Leading from the Back of the Room?

The training room is buzzing because it's packed with students and youthworkers. These are some of my favorite people on the planet!

I launch into our training time, and before long, it's time for some small group proccessing and application of what we've just learned and experienced together. I watch as students gather into groups and immediately begin dialoguing, engaging, and applying. As I make my way around to the various small groups, I listen. The interaction and learning seems to be rich and real.

I move from group to group—from front to back—listening and observing.

When I get to the back of the room, I notice something not quite fitting for a training experience.

Many of the adult "leaders" are leaning against the back of the wall chit chatting with each other—totally disengaged with the students and the training.
I walk up to several different youth leaders, look them in the eyes, smile, and say, "Hey, the students from your youth ministry are learning to share their stories. I know they'd love to hear yours and tell you theirs."

Blank stares. In some cases, looks of disdain. Not one youthworker moves toward the engaged students.

Okay. I can't really force someone to interact with students. But this whole adults-in-back thing has got me thinking.

What's wrong with this picture?
1. These adults are missing the training. They might be older than the students, but they still need to learn—and perhaps even more important—they need to model a learner's heart for students. 

2. These adults are missing what their students are learning from God and each other.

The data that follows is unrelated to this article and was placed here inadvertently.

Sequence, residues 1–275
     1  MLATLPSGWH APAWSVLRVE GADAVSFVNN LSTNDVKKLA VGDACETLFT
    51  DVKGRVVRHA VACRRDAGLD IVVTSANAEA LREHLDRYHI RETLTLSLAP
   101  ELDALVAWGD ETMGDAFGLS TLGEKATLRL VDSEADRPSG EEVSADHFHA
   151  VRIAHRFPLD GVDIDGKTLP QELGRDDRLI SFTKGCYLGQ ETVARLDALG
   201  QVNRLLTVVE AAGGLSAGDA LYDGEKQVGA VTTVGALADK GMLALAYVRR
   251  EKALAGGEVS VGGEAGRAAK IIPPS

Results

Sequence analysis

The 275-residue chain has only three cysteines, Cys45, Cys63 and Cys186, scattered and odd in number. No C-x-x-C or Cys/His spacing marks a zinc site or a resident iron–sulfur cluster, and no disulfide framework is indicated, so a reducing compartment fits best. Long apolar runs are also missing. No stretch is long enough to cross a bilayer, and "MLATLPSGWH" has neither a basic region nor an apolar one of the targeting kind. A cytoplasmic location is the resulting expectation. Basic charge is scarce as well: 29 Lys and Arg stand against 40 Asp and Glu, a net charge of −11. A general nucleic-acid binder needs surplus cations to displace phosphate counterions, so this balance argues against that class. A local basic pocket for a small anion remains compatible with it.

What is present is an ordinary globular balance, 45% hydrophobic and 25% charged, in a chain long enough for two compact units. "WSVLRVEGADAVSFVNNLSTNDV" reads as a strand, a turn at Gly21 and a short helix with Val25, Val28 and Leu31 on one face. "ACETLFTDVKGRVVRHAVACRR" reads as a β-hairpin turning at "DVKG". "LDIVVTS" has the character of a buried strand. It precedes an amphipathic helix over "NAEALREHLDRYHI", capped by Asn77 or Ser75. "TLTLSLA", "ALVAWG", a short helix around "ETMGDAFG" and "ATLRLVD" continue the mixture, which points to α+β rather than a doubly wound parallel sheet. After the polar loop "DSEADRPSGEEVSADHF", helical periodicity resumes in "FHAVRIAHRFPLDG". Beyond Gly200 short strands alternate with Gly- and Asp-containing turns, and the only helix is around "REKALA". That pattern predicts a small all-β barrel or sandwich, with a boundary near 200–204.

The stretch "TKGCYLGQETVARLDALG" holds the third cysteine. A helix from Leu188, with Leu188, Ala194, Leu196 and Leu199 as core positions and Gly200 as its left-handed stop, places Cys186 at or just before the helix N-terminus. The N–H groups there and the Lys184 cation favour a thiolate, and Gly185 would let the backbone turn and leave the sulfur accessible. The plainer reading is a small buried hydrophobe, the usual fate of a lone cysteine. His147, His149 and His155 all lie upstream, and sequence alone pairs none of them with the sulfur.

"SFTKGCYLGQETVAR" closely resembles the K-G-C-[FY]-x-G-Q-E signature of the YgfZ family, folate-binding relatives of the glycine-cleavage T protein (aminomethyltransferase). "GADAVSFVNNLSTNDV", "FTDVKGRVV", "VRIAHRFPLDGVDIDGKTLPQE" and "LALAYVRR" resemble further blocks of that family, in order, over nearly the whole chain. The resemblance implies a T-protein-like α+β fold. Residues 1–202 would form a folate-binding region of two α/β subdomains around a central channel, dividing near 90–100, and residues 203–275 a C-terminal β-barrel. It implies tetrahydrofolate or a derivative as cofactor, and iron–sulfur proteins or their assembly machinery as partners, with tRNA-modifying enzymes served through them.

3. These adults are missing a golden opportunity to be a Proverbs 27:17 disciplemaking friend in a student's life—by using a training moment to speak truth and love into their lives of students.

4. These adults are missing a potential life-change moment—for themselves, their students, and perhaps their entire ministry.

These adults leaning against the back wall of the training room are missing the chance to fulfill their job description: to love, lead, mentor, coach, and disciple the next generation.

It's makes me wonder.

Where did we ever get the idea that our job as youthworkers was to simply drive students to some event while we stand at the back of the room chit chatting with other adult youth leaders? Perhaps this is an isolated case?  I'm sorry to say that I see this way too often. We seem to have gotten lazy and unfocused in our calling as youthworkers. Perhaps we've been to too many Christian concerts, Christian comedians, and retreats with gifted speakers and great bands.

We would do well to ask ourselves a few clarifying questions:
1. If we're not really interested in interacting with students, should we be in youth ministry?
2. Is an adult in youth ministry really a "leader" if he/she doesn't relationally interact with students?
3. Do we understand the difference between running a program and being a part of a ministry?

The more I reflect on it, the clearer it becomes to me. It is possible to lead from the back of the room, but it's impossible to lead well from the back of the room.

 In other words, standing in the back of the room talking with other adults while students engage God and each other is bad leadership.

But it doesn't have to be this way.

Is the ministry you serve suffering from Program-itis—an obsession with programs at the expense of building life-changing relationships? This book can help youIt includes a chart that shows 12 ways ministry is different than a program. It would be great for your next leader's meeting. I dare you. 

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